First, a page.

Writing the stuff down that's not allowed on the AWARE terminal.

Monday, 28 February 2011

Fats Navarro

This is one of my dad’s favourite trumpet players and had the kind of bright sad life that jazz historians get all teary eyed about. It’s the kind of life my dad might have had if my mum hadn’t come along and taken care of him.

Born in 1923 in Key West, Florida Fats muscled into the New York jazz scene in the late 1940s playing with greats like Charlie Parker, Coleman Hawkins and Benny Goodman. My dad says that he might have been the greatest horn player ever if he hadn’t got hooked on smack, contracted TB and died in 1950 aged just 26.

Sometime I wonder if there isn’t something about really great jazz musicians that attracts this kind of self destructive behaviour but my dad says that anyone can be stupid it’s just that when they’ve got a talent you miss them when their gone.

Sunday, 27 February 2011

100% Brain

The incomparable constable Perky accused me of using the other 90% of my brain to do the things I’m not really supposed to talk about on a public forum. I asked her what she was talking about and she said it was a well known fact that we only 10% of our brain.

This, I suspect, is news to our brains or at least those of us who use to actually use them to think stuff. In the first instance it’s bollocks because keen people like Dr Walid have been attaching electrodes to people’s heads for years now and have found that we, surprise surprise, use all of our brain. In the second instance it wouldn’t make sense biologically since having a brain uses up some ridiculous percentage of our total energy budget and evolution doesn’t hand out free lunches to unnecessary organs – if you’re going to stay – says the organism – you’re going to work. So I don’t know about you personally but I’m using 100% of my brain all the time.

Friday, 25 February 2011

Thursday, 24 February 2011

University College Hospital

University College Hospital takes up two whole blocks between Tottenham Court Road and Gower Street. Founded in the nineteenth century, its main claim to fame was as the teaching hospital for the University College of London and the birthplace of one Peter Grant, apprentice wizard. Since that momentous day in the mid-1980s, half the site had been redeveloped into a gleaming blue and white tower that looked as if a bit of Brasilia had crash-landed in the middle of Victorian London.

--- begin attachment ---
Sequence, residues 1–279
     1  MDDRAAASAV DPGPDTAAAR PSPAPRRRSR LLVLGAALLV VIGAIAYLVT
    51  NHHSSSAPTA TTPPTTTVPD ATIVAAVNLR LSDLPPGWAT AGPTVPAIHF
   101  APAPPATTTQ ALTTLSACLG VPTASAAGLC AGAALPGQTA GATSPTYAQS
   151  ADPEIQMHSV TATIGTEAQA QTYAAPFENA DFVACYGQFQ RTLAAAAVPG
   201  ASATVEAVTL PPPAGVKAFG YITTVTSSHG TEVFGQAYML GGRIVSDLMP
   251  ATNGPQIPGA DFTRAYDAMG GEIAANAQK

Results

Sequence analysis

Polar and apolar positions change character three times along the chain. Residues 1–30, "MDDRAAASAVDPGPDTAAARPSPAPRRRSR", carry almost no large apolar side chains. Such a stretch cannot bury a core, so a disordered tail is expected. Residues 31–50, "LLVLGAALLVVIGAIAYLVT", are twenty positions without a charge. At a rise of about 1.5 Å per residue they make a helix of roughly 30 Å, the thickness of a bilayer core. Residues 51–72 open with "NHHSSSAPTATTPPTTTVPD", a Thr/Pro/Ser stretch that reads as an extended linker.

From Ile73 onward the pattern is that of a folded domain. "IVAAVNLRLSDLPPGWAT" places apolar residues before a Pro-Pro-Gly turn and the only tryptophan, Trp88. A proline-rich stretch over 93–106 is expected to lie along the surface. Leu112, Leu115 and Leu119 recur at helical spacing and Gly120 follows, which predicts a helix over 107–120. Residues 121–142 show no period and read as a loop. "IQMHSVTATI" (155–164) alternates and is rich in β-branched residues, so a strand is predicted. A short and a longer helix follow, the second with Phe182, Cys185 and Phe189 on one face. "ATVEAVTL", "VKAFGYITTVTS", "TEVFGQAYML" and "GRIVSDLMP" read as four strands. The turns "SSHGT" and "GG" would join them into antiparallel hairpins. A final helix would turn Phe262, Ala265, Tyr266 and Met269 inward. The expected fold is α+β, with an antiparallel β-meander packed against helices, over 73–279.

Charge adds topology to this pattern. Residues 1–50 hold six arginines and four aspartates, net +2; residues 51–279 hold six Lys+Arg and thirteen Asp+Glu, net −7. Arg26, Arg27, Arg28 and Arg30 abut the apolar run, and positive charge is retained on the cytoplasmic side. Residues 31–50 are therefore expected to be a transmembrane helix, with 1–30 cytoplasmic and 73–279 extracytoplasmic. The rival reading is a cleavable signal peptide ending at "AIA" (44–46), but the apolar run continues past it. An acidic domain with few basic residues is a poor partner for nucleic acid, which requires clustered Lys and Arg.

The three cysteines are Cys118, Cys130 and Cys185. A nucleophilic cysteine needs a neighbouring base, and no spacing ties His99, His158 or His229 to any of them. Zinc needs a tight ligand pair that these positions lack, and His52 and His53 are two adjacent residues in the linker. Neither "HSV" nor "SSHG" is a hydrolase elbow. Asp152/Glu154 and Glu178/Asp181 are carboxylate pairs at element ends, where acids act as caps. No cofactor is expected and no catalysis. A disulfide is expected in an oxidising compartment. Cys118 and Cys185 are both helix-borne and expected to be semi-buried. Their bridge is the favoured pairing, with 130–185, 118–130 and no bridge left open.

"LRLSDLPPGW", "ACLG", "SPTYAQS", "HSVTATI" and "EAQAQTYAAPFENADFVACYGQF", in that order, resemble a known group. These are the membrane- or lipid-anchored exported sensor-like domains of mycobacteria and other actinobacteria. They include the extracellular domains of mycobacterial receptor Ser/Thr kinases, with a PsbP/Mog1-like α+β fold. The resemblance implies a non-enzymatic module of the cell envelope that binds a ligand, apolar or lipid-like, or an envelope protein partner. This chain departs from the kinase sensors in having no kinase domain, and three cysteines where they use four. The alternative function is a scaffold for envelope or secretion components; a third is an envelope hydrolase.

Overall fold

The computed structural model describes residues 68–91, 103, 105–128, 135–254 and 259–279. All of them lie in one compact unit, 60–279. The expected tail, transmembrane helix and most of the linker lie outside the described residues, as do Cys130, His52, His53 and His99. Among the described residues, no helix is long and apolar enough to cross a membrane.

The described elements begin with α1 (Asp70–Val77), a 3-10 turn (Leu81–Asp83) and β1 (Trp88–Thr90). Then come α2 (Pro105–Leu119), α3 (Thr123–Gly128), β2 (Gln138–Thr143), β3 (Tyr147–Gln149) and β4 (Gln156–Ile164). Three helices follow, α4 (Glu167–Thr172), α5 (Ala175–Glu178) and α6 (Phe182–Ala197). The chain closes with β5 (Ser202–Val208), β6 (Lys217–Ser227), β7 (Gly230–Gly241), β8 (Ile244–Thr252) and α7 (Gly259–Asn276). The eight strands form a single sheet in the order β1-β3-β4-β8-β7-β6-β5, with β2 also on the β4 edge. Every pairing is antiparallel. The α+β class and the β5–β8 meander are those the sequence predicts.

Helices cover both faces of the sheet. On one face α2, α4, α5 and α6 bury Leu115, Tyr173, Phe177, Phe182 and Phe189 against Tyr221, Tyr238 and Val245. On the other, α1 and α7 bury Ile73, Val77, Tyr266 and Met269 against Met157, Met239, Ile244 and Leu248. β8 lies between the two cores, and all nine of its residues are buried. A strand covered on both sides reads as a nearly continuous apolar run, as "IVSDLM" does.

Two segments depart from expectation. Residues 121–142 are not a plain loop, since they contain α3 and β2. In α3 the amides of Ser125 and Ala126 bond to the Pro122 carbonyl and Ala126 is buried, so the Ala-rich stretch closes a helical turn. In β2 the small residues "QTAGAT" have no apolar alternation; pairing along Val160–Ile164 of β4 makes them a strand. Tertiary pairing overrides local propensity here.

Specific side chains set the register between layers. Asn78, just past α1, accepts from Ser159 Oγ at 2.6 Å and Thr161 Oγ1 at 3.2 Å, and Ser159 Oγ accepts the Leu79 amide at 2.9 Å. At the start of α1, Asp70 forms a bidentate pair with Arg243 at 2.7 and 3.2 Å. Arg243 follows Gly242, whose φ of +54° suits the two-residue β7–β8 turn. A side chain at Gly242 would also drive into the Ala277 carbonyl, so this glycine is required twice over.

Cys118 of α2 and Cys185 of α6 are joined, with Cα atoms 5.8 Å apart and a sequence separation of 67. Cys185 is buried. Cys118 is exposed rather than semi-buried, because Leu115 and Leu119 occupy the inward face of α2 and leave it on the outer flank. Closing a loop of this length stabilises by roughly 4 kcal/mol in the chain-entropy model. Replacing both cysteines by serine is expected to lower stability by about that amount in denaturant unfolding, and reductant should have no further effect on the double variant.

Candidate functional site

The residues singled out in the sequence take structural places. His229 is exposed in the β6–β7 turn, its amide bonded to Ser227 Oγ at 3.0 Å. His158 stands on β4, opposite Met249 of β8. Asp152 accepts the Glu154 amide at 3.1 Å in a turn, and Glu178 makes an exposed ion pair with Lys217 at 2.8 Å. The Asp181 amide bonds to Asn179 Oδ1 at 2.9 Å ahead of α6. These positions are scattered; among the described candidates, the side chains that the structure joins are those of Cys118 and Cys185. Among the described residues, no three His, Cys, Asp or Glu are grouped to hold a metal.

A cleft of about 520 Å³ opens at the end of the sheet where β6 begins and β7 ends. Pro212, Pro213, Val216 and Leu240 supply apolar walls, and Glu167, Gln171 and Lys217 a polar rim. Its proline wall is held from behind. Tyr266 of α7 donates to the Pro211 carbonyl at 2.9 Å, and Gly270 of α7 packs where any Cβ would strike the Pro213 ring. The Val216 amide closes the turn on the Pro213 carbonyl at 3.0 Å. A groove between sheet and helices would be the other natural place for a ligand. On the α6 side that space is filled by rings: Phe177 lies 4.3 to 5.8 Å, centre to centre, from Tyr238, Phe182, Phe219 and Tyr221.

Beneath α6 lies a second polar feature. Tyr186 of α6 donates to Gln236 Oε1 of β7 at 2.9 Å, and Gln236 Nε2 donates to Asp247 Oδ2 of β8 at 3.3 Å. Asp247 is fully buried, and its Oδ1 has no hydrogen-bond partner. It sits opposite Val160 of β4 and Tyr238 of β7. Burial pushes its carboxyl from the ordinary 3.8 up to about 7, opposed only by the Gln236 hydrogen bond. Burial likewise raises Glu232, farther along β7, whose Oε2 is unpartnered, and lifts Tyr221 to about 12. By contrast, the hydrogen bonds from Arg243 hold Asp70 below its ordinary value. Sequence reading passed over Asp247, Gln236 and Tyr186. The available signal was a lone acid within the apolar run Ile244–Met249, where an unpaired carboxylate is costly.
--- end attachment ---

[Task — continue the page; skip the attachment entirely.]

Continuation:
Chapter 6: The Coach House

In 1848 it was the venue for the first ever operation conducted under a general anaesthetic and is currently a world centre for cryptopathology although only about three people actually know that. The eccentric Edwardian folly, known as the Cruciform Building, was built in 1906 but has recently been sold to the biology faculty of the University College London so that their students can do their strange and terrifying experiments in a suitably gothic environment.

Sunday, 20 February 2011

Skeleton Army

In 1861 William Booth resigned from the Methodists in Liverpool and headed for London where, in the grand tradition of metropolitan reinvention, he founded his own church and took Christ, bread and social work to the heathen natives of east London. In 1878 he declared that he was tired of being called a volunteer and that he was a regular in the army of Christ or nothing at all; thus the Salvation Army was born.

But no army, however pure its motives, occupies a foreign country without resistance, and this was provided by the Skeleton Army. Driven by gin, bone-headedness and growling resentment that being the Victorian working class was bad enough without having to be preached at by a bunch of self-righteous northerners, the Skeleton Army broke up Salvation Army meetings, disrupted marches and attacked its officer corps.

The emblem of the Skeleton Army was a white skeleton against a black background – a badge worn by right-thinking ne’er-do-wells from Worthing to Bethnal Green.

Wednesday, 16 February 2011

Beverley Brook